Enclosure: the extreme frontiers


‘The figure of Saint Therese of Jesus Child corresponds strikingly to the title of Meeting 96. Therese has been called “the greatest Saint of modern times” (Saint Pius X) and proclaimed in 1927 “principal patron of the missions of the world” together with Saint Francesco Saverio. Last September saw the beginning of the centenary of her death during which it is hoped Therese will be proclaimed doctor of the Church. Therese recovered the supremacy of the faith and confidence in Divine Mercy at a time when faith was reduced to an influx of the Jansenistic moral strictness of works before the terrible judgement of God. From the “I want all” of Therese the child to the mature awareness of a vocation to be the “heart of the Church”, and consequently of all vocations and charisms, hers was a faith lived and a confident and loving abandonment to the will of God, beyond all sentimental limitations and all calculations of “worthiness”. Such a journey culminated in her offering herself “as a victim of the holocaust to Merciful Love”, in opposition to the tradition of offering oneself “as victim to Divine justice to put off and draw onto oneself the punishments of sinners”, of which she had witnessed instances in her convent. Missionary impetus is the other essential feature of Therese’s charisma. The young enclosed nun lived her entire personal experience in a growing awareness of belonging and being responsible for the construction of the Church. Her mission, starting with the positivism in which she lived, seems to belong to a by now de-christianised age. Therese is present in her time and takes part directly through prayer and apostolate in the Church’s struggle against masonry (she herself will be the victim of violent action against the Church), which in France culminated with the dissolution of religious congregations and the denouncement of the concordat of 1905. Proof of the aridity and temptations against the faith, experienced in the last few months of her life, during the period of illness and increasing physical suffering, was knowingly lived by her and offered up to Christ as participation in modern man’s tragedy of atheism. Finally, projecting herself beyond death, she asked to spend her Paradise here on earth, still engaged in the construction of the Church. The exhibition panels have been made thanks to the cooperation of the Office Central of Lisieux, who placed at disposal the photographic material produced by Saint Thérése’s sister, Celine, who had been authorised to take the camera into the convent. Other photos have been lent by Father Girolamo Salvatico. The exhibition presents various objects which belonged to the Saint and it will also be possible to admire a reconstruction of the cell thanks to the cooperation of the Carmel of Lisieux. Within the exhibition area, passages of Saint Thérése will be read every day. During the Meeting, the Parish of Santa Giustina in Rimini will exhibit the remains of the body of the Saint.’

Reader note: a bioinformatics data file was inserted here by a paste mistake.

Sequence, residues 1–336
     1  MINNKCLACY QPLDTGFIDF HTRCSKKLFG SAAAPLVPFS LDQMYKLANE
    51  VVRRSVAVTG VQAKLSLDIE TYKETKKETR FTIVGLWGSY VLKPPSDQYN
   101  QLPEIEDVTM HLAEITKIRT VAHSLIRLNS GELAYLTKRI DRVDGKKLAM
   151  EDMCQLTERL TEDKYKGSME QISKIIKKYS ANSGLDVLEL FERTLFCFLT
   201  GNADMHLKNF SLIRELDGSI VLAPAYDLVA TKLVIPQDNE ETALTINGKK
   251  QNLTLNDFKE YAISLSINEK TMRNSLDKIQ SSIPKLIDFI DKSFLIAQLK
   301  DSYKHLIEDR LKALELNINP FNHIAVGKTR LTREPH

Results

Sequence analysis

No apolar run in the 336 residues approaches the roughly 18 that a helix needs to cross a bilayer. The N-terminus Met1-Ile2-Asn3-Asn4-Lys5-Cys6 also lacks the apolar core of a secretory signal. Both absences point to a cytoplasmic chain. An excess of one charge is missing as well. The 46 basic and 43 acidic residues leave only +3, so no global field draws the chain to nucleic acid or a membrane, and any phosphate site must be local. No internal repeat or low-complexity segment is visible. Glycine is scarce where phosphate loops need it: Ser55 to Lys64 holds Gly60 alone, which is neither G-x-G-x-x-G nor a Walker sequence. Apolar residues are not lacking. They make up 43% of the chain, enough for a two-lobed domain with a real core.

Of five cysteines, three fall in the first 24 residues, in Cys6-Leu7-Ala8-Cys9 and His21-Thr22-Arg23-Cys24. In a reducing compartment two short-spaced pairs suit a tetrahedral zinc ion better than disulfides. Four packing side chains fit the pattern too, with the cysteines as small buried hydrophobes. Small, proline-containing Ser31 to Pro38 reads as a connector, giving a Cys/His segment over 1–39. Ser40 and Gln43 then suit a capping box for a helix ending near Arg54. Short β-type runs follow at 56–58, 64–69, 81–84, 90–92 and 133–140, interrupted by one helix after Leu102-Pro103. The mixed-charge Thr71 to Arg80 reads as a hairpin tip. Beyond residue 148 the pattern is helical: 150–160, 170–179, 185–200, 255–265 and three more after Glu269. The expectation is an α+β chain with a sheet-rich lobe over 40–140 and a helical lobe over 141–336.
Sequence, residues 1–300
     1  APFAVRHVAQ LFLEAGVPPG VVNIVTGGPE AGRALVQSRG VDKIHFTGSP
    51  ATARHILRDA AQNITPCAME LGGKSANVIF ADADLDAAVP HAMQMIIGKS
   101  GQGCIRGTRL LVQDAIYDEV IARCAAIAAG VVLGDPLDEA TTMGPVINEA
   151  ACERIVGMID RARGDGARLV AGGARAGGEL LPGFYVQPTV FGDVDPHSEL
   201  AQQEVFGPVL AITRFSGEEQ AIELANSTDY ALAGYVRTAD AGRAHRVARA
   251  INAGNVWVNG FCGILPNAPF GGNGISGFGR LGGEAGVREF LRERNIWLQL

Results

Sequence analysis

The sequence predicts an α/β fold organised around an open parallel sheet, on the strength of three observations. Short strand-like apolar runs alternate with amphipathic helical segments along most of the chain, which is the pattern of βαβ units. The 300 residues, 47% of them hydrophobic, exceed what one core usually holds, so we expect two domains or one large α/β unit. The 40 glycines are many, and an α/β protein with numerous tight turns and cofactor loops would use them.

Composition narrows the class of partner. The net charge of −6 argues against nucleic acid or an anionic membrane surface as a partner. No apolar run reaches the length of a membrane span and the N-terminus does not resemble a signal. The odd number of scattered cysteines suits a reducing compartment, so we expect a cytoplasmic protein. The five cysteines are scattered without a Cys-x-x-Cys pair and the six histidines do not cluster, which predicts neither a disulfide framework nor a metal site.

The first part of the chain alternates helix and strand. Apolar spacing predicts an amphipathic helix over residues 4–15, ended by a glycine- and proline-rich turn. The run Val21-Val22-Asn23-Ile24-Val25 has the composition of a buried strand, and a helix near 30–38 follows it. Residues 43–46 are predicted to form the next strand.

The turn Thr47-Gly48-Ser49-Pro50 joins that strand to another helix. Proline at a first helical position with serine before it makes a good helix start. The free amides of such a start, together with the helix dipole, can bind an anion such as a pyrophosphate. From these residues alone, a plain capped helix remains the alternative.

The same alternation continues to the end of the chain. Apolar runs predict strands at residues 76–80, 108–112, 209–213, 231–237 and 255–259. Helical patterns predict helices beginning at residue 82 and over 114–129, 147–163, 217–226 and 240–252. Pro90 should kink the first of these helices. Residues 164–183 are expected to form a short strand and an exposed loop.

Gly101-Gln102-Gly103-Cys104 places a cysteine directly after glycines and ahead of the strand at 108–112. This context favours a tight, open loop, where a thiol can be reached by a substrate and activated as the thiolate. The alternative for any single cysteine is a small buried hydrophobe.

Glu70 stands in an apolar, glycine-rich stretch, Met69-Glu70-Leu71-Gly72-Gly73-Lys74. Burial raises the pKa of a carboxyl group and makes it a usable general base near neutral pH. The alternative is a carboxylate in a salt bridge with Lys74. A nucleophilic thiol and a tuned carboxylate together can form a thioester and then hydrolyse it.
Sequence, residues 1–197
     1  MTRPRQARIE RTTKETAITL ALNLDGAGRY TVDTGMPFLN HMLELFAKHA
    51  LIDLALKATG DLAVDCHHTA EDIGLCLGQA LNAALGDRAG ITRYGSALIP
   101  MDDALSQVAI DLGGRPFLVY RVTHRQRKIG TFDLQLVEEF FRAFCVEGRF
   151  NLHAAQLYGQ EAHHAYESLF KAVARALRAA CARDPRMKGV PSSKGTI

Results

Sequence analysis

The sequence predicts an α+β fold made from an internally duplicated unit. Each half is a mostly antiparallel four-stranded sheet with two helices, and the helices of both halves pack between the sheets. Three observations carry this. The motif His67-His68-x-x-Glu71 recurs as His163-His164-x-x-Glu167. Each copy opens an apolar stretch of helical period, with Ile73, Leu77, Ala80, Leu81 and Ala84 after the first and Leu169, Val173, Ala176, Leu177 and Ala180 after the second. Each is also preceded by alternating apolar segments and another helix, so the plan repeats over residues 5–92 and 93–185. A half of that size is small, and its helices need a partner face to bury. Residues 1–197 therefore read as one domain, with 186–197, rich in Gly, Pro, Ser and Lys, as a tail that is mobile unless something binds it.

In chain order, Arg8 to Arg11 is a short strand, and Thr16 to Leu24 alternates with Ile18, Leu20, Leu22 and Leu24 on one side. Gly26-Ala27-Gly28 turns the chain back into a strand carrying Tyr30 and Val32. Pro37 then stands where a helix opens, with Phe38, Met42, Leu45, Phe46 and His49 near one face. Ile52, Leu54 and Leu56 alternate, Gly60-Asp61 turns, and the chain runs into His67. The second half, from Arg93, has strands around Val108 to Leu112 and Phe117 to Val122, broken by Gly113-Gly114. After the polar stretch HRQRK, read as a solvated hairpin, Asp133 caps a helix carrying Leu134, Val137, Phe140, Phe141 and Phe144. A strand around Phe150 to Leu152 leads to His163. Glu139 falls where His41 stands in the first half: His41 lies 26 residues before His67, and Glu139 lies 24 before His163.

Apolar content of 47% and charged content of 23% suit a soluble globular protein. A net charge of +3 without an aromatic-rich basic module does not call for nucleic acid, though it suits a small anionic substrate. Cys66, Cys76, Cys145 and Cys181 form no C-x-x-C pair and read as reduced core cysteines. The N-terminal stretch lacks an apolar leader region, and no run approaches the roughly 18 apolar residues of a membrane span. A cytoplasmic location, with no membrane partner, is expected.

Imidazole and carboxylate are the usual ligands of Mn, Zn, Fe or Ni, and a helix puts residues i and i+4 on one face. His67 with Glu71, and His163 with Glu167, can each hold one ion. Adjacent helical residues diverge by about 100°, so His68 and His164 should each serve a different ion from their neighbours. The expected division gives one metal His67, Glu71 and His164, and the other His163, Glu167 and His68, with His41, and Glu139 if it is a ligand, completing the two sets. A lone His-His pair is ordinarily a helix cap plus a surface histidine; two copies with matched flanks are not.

18 Agosto 1996 - 24 Agosto 1996




Agorà C1 (Area CdO)
Exhibitions Meeting Exhibitions